How many people have actually died in earthquakes in past history? Due to the incomplete source material no one can say with definite certainty and estimates vary . "It has been estimated that over seven million people have lost their lives in earthquakes" wrote Vemey.30 Another source states that probably ten million have died in earthquakes since the time of Christ.31 An outstanding seismologist, Professor Båth, however, says:
It is obvious, then, that estimates of annual deaths in earthquakes in the past will be as divergent as the guesses of the total death number upon which they are based. Population growth is an important factor.
29 Happiness How to Find It, 1980, p. 149; the same impressive statistics were again published in The Watchtower of May 15, 1983, p. 7 (chart III).
30 Vemey, p. 7. Seismologist J. H. Latter estimates that "a minimum of five million people have died as a result of earthquakes, and half a million as a result of volcanic eruptions, since A.D. 1000." But he adds: " It is probable that the maximum figures are between two and three times higher than this," that is, 10-15 million since A.D. 1000. This would mean a maximum of 1.5 million per century on the average. (Advancement of Science, June 1969, p. 362)
31 New York Times, August 20, 1950. Compare Awake! December 22, 1960, p. 14.
32 Bath, p. 137. The Time magazine of September 1, 1975, similarly stated: "During recorded history, earthquakes – and the floods, fires and landslides they have triggered – are estimated to have taken as many as 74 million lives."
Since about half of the world's population lives in the earthquake belts of the earth, it would certainly not be surprising if the number of deaths in earthquakes kept pace with the population growth in those areas. This would not constitute proof, however, that earthquakes have increased either in numbers or severity.
Along with their figures for pre-1914 earthquakes and their shifting death statistics, the Watch Tower Society has published lists of earthquakes with death figures from the year 1914 onward. Interestingly, the death figures in these lists also seem to change from one list to next, and they differ with authoritative reports in several instances. A comparison between the two latest lists-published in the Awake! of February 22, 1977, page 11, and in The Watchtower of May 15, 1983, page 7 – gives the following result:
As can be seen, the death figures have been raised in the latest list by a total of nearly 200,000! This does not mean that the figures have been deliberately falsified. Lists showing deaths in earthquakes, published in different works, often vary. But the Watch Tower Society's listings reveal a clear tendency to choose always the highest, not the most reliable, figures in these works, evidently in an attempt to present the earthquakes of the twentieth century as being as "great" as possible, while the tendency to reduce the numbers and size of the earthquakes before 1914 is equally apparent. This is not an honest, objective use of data.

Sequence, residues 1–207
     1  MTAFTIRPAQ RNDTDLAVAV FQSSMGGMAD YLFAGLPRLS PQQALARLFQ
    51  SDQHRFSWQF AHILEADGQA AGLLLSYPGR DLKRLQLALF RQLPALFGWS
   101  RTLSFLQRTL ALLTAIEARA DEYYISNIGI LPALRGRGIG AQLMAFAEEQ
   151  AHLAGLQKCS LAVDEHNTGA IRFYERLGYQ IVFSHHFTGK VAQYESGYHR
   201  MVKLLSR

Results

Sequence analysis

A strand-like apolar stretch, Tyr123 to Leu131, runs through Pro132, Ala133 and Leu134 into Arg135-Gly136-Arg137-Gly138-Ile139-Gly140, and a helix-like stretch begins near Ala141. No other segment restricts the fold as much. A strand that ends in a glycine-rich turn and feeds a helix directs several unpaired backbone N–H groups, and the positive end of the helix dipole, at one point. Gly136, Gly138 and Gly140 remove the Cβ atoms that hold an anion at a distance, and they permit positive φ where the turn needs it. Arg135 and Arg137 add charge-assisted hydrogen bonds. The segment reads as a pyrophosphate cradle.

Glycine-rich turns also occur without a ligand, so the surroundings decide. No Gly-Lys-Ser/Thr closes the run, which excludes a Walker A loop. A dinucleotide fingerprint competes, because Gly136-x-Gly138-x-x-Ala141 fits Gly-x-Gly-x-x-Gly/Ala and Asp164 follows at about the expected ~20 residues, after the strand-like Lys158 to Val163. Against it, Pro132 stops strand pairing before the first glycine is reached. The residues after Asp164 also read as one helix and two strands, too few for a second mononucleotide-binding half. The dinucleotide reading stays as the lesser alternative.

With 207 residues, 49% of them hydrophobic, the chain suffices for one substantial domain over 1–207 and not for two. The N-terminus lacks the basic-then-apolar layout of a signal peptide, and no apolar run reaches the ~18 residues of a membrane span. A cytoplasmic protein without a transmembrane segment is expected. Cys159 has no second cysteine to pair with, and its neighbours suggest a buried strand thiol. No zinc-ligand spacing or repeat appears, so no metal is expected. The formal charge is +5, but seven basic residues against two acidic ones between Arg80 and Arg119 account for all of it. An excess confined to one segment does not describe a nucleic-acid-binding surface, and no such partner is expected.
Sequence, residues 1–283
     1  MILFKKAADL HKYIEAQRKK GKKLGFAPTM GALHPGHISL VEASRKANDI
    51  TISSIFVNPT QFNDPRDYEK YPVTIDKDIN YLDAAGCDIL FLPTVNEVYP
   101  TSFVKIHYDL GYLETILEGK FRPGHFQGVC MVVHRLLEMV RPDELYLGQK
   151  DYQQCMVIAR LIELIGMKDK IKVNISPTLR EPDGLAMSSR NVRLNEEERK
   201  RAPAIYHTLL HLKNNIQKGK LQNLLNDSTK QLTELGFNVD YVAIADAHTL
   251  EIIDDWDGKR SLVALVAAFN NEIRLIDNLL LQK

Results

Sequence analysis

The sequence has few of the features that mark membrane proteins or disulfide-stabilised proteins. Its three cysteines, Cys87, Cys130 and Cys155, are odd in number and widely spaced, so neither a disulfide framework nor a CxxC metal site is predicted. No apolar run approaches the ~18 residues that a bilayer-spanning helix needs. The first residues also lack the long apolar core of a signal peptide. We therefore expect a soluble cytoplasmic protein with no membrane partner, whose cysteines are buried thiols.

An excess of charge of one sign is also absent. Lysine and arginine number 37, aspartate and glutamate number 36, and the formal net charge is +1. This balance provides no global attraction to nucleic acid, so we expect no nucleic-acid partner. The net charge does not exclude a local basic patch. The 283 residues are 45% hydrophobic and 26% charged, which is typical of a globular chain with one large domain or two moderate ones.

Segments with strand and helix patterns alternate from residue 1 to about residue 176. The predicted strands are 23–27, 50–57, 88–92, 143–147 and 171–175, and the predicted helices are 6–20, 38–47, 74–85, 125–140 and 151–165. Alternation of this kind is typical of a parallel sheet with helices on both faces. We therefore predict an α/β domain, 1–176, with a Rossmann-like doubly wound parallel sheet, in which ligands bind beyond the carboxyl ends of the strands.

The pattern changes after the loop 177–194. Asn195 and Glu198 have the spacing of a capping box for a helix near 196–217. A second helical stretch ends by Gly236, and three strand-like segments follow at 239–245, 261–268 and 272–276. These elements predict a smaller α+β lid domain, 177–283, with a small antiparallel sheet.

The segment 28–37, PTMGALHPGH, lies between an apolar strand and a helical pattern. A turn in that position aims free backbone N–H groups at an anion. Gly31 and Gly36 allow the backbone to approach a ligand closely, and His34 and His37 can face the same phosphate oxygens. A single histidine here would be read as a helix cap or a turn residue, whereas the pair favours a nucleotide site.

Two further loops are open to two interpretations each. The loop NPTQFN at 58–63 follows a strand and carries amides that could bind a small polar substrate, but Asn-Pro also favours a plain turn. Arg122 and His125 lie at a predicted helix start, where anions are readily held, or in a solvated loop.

Actually, the most authoritative works often present much lower figures than those given by the Watch Tower Society in both of their post-1914 lists quoted above. The 1920 earthquake in China, which the Society lists as claiming 180,000 or 200,000 lives, according to the Encyclopedia Americana claimed about 100,000 victims 33 Likewise the great earthquake in China in 1976, which the latest list of the Society shows as causing 800,000 deaths, in reality claimed 242,000 lives according to the figures released by the Chinese authorities!34 This lower figure is now generally believed by seismologists to be the correct one.35 Inasmuch as the latest estimate of annual deaths in earthquakes since 1914 published by the Society is based upon figures that include a death toll of 650,000 for this quake, the correction mentioned here reduces the actual death figure of the Society by as much as one third!36
The varying figures to be found in different works clearly demonstrate what a hazardous task it is to try to make any comparisons between earthquakes before and after 1914 based on death figures. It also demonstrates how easy it is to create a seemingly very impressive and convincing, but completely misleading, statistical picture, simply by choosing only those figures that best support a preconceived view from among the many different lists that have been published. To do this reflects, at best, shallow research and irresponsible journalism; at worst, deliberate deception.
33 Encyclopedia Americana, 1966, "Earthquake;" page 498. Bath (page 14 1) has the same figure, 100,000, in his list. The earthquake in Japan 1923, which according to the Society's list took 143,000 lives, killed 95,000 according to the Encyclopedia Americana. But as shown by C. F. Richter (Elementary Seismology, page 562), who gives the death figure as 99,331, an additional number of 43,476 were reported as missing. The total death toll, then, was probably about 143,000. In one case the Encyclopedia Americana has a considerably higher figure than The Watchtower. This is the 1939 earthquake in Turkey, which the encyclopedia claims to have taken about 100,000 lives, while The Watchtower, like Bith, Ganse & Nelson, and other seismologists, sets the death figure at 30,000.
34 A report from Hong Kong first erroneously set the death figure at 655,237, from which the Western estimates of 650,000-800,000 were derived. When finally, the Chinese authorities, who at first kept all information about the catastrophe secret, released information about the earthquake, they put the death total at 242,000. ("Chinese Seismological Society Report on July 28, 1976 Event," Dalian Meeting 1979 Xinhua News Agency. Compare Ganse & Nelson, p. 70, 148, ref. 61.) The Dallas Times Herald of Sept. 3. 1983, summarized the new information as follows: "Officials now put the Tangshan death toll at 148,000 with another 81,000 seriously injured. In a deadly triangle anchored by Tangshan, Peking and Tianjin, nearly 100,000 other people died, increasing the official death total to 242,000. Western estimates placed the death toll as high as 800,000."